- Dedicated camera button for underwater shooting
- Curvy. more comfortable design
- Speedy, overall performance
- Disappointing low-light camera performance
- Average viewing angles
- Flimsy latches protecting ports and connections
Review Price to be confirmed
Sony Xperia Z1 review
What is the Sony Xperia Z1?Previously going by the codename Honami, the Sony Xperia Z1 is the follow up to the waterproof Sony Xperia Z smartphone launched last year and is the big brother of the more recently released Xperia Z1 Compact.
Hoping to provide some stiff competition for the iPhone 5S, the Samsung Galaxy S4 and HTC One, Sony is ramping up the camera credentials of the Xperia Z1 by adding a 20.7-megapixel camera sensor. Sony also announced the Wi-Fi and Bluetooth supported QX10 and QX100 lens accessories to turn give the Z1 even greater snapping prowess.
Watch the Sony Xperia Z1 video
The Xperia Z1 also makes some welcome design changes and adds a 2.2GHz quad-core Snapdragon processor making it one of the most powerful phones around.
It improves on an already great smartphone and has the new features to keep it fighting for the title of best Android phone.
Sony Xperia Z1 - Design & FeaturesPut the Sony Xperia Z1 side-by-side with the Xperia Z, and there are some minor, yet crucial, differences between the two Sony smartphones. The Z1 features the same glass front and back but now uses a two tone aluminium frame to join the two together.
The Z1 weighs 169g making it considerably heavier than the Galaxy S4 (130g) and the HTC One (143g). At 8.5mm thick, it is slimmer than the One (9.3mm) but not quite as slender as the S4 (7.9mm). It’s actually taller than the Xperia Z (139mm) jumping up to 144.4mm and is thicker than the Z jumping from 7.9mm to 8.5mm.
Some changes have been made to the positioning of ports and connections protected by those flimsy plastic latches. The headphone jack up top is no longer covered by one of those little latches. The wireless charging port, microSD, micro USB ports remain on the left side of the body.
Over on the right, the microSIM slot, smaller on/off button and volume rocker are now joined by a dedicated camera button. There’s a speaker grill on the bottom of the phone, while one of the corners has a hole drilled through it for the addition of a wrist strap.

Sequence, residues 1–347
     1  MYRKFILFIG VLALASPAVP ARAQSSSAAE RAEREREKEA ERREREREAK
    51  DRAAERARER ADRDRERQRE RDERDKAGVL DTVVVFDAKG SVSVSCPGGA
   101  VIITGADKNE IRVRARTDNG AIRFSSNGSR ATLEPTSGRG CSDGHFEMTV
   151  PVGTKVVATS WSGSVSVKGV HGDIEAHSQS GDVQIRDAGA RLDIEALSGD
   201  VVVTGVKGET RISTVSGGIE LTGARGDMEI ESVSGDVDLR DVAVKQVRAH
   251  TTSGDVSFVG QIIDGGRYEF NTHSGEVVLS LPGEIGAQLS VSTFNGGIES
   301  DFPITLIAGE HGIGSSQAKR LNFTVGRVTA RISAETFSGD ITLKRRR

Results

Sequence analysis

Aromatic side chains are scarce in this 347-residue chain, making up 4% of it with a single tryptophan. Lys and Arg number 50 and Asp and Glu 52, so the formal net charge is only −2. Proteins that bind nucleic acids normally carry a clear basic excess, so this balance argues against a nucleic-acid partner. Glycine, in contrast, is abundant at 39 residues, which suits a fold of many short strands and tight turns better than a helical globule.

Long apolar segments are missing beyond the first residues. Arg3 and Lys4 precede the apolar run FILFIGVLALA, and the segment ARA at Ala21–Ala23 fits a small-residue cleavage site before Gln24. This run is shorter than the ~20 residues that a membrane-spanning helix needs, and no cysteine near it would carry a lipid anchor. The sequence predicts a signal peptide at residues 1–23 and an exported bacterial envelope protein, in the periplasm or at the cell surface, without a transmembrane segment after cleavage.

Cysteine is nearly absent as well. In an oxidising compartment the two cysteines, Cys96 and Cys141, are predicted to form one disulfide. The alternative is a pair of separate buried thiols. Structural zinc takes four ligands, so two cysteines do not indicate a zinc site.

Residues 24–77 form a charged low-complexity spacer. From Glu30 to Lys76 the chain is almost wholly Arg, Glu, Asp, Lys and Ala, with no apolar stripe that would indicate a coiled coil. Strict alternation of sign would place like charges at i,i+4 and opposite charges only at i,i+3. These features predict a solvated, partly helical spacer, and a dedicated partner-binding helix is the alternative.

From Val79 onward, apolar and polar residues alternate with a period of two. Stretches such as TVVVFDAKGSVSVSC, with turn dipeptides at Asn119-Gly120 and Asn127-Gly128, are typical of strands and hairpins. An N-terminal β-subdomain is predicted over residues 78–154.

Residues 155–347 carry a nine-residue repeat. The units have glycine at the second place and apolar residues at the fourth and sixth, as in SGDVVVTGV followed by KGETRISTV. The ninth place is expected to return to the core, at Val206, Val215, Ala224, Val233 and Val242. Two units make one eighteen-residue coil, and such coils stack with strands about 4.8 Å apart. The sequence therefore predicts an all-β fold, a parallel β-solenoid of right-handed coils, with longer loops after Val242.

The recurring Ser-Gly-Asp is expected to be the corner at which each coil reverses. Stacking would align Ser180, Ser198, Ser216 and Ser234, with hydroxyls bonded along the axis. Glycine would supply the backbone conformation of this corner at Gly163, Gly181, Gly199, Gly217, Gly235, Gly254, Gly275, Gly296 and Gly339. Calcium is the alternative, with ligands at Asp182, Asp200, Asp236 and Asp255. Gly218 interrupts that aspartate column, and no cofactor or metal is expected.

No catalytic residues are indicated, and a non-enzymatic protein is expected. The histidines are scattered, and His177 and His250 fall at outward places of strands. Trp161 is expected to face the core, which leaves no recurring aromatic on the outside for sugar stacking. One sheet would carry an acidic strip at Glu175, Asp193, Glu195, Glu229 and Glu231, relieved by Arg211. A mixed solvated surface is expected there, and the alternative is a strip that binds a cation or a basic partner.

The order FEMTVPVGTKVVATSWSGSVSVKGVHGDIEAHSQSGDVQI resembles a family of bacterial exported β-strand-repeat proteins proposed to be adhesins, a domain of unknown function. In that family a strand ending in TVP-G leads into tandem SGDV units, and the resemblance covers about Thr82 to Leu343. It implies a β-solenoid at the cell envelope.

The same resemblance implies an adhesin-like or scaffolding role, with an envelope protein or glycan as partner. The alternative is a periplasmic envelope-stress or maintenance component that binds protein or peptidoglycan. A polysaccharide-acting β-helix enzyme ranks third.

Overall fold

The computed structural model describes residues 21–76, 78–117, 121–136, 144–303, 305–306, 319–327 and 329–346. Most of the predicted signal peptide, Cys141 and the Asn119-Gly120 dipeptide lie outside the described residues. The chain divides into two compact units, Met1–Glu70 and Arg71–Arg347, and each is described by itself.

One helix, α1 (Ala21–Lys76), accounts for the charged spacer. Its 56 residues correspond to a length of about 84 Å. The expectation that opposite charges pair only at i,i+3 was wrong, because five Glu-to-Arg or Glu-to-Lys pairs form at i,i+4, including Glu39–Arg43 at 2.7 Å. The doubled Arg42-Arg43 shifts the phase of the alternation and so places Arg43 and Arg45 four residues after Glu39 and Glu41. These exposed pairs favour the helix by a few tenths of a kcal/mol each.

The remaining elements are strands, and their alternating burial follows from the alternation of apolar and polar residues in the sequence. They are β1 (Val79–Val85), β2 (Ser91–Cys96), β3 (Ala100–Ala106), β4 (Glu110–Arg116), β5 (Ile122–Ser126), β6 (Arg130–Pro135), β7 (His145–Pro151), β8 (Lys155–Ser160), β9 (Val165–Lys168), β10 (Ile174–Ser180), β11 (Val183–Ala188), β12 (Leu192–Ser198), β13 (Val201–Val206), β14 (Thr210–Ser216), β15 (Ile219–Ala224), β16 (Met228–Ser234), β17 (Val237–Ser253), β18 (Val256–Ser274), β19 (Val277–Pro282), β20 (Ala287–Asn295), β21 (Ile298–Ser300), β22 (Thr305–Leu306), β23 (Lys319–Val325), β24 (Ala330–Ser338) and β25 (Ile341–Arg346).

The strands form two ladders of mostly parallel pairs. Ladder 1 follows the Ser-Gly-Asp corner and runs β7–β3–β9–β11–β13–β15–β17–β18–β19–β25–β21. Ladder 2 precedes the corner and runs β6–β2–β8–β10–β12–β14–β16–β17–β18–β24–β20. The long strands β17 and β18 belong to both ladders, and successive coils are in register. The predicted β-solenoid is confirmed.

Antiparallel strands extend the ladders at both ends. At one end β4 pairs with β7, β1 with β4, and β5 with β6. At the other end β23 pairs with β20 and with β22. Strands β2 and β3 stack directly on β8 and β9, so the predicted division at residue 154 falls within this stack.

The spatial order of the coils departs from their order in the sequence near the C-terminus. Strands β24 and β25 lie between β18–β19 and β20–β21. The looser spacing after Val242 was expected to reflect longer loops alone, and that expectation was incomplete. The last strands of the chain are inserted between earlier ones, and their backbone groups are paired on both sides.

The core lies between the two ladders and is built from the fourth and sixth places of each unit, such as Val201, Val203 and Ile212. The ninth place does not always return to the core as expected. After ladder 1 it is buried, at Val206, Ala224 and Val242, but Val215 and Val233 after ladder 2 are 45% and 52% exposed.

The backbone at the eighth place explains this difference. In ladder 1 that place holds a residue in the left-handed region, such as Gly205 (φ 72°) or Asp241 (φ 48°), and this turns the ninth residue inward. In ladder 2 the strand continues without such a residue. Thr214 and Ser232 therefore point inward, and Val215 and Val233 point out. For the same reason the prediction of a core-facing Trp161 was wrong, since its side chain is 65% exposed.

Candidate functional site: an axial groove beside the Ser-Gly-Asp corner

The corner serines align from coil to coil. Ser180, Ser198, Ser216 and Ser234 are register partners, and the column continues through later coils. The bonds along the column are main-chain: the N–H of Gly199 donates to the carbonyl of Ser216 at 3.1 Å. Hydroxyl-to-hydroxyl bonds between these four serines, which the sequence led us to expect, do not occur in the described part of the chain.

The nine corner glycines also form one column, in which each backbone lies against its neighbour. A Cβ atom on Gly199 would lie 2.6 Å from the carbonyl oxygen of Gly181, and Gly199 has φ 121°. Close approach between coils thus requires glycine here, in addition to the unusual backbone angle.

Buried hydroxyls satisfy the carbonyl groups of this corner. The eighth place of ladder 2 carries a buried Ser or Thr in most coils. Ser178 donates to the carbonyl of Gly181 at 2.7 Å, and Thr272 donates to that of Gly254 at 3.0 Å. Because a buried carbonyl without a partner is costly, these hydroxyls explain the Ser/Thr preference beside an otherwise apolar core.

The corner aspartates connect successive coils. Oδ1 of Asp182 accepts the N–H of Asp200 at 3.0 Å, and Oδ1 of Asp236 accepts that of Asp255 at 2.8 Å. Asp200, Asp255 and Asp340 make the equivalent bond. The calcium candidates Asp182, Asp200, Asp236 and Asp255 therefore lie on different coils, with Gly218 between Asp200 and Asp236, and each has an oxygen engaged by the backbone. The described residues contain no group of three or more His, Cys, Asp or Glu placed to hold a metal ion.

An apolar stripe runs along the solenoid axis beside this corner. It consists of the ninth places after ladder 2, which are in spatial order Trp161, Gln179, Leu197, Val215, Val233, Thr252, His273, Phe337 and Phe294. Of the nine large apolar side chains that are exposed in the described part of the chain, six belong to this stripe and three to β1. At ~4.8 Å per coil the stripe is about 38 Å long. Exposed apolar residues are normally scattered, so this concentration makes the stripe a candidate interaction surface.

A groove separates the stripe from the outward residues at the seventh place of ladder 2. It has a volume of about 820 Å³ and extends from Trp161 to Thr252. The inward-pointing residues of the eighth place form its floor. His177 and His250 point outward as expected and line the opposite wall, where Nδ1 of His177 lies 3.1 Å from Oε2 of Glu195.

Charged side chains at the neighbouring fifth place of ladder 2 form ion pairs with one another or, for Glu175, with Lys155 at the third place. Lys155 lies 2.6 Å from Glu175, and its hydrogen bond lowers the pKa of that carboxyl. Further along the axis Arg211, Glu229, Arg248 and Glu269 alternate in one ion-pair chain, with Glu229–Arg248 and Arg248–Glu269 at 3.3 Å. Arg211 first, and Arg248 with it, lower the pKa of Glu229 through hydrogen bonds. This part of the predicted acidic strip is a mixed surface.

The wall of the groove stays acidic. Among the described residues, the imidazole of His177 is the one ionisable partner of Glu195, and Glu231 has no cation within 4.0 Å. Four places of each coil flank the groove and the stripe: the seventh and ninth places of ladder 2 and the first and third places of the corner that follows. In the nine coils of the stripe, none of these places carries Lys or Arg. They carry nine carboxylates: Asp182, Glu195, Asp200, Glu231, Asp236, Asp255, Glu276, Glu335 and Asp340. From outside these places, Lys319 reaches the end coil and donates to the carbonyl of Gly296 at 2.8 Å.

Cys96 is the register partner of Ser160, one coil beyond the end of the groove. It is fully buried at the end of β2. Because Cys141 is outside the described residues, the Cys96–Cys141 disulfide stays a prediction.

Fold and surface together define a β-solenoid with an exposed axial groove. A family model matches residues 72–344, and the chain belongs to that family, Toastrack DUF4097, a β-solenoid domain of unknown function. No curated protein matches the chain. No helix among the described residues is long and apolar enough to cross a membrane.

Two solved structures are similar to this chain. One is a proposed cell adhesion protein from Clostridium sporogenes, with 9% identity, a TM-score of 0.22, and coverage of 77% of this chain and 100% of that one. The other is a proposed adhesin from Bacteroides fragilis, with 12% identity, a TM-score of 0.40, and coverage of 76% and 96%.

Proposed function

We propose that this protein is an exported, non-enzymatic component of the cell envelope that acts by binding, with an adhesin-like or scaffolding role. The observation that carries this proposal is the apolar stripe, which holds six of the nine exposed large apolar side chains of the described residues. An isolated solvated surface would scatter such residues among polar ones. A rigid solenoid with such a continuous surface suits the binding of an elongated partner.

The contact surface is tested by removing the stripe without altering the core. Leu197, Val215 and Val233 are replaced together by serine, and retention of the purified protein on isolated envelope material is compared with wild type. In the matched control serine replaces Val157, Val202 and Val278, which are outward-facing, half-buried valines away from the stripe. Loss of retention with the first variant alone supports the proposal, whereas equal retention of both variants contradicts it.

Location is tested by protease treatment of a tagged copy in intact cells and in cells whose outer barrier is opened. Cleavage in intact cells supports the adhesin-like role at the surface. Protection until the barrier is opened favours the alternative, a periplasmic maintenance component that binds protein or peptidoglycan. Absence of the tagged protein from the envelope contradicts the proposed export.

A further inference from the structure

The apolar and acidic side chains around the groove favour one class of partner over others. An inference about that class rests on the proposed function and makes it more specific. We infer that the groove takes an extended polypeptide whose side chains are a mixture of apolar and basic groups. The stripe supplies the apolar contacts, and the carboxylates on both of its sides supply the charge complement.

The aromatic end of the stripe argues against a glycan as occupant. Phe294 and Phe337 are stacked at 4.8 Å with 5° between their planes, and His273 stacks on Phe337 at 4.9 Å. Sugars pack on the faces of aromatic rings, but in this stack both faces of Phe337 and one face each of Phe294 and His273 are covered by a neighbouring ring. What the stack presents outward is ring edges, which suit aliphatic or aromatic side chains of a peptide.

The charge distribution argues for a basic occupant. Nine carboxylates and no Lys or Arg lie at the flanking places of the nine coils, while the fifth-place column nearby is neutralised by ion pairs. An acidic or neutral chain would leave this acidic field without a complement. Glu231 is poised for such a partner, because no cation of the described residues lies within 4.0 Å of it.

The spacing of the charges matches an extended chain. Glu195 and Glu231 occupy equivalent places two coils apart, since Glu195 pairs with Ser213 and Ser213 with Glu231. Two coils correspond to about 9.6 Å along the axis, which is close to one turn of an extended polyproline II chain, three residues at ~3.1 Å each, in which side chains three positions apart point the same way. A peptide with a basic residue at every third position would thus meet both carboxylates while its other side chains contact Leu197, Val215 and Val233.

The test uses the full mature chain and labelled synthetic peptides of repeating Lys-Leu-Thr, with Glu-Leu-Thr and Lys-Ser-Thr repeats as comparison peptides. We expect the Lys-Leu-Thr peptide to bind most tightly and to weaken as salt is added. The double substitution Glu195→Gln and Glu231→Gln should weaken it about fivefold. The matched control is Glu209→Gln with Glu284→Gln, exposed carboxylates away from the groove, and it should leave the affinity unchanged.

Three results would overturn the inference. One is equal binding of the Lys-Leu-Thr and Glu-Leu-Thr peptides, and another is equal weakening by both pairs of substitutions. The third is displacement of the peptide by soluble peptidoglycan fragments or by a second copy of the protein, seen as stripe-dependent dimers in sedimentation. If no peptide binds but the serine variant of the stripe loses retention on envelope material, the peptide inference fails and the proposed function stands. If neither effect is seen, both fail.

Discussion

The good news is that with the flaps all closed the Xperia Z1 is dust-proof is water resistant with a IP58 certification. This means it can survive being fully submerged in more than 1m of water for more than 30 minutes. The addition of the camera button means you can now take photos and shoot video under water.
Despite the overall jump in dimensions, the Sony Xperia Z1 feels much nicer to hold than the Z. The corners are curvier and slightly more pronounced. It seems like a small change, but it makes a world of difference. This is a still a big phone, but there’s no doubting the Z1 is a more elegant 5-inch smartphone than the Galaxy S4.
Sony Xperia Z1 - ScreenSony has kept faith with the full HD 1080 resolution 5-inch capacitive screen. Tapping into the technology from its Bravia TV range the Xperia Z1 now benefits from Triluminos and X-Reality support. You can switch off the X-Reality for mobile feature which should help conserve battery life.
The aim of packing the Sony TV tech in to the Z1 is to produce sharper images and more accurate colour reproduction. Like the Z, the Z1 also features a scratch-proof screen protector covering the entire front of the phone.
With 441ppi and 16 million colour contrast ratio images are well-detailed, the Xperia Z1 makes the most of the 1920 x 1080p high resolution display. It does lack the colour depth and top level brightness you get on the S4 but it is still a great place to watch full HD content and play games on.
The screen protector has its advantages and disadvantages. On the plus side, it will help defend the display against keys and loose change, although it does scuff quite easily. The down side is that it does have an impact on viewing angles, particularly from acute viewing points. Video can look washed out and dull. It doesn’t drastically ruin the viewing experience, but the most eagle eyed will notice it.
The Z1 screen supports 10-finger multi-touch and for getting around the homescreens, pinching and zooming images, browsing the web and typing on the keyboard, it’s offers a good response all round.
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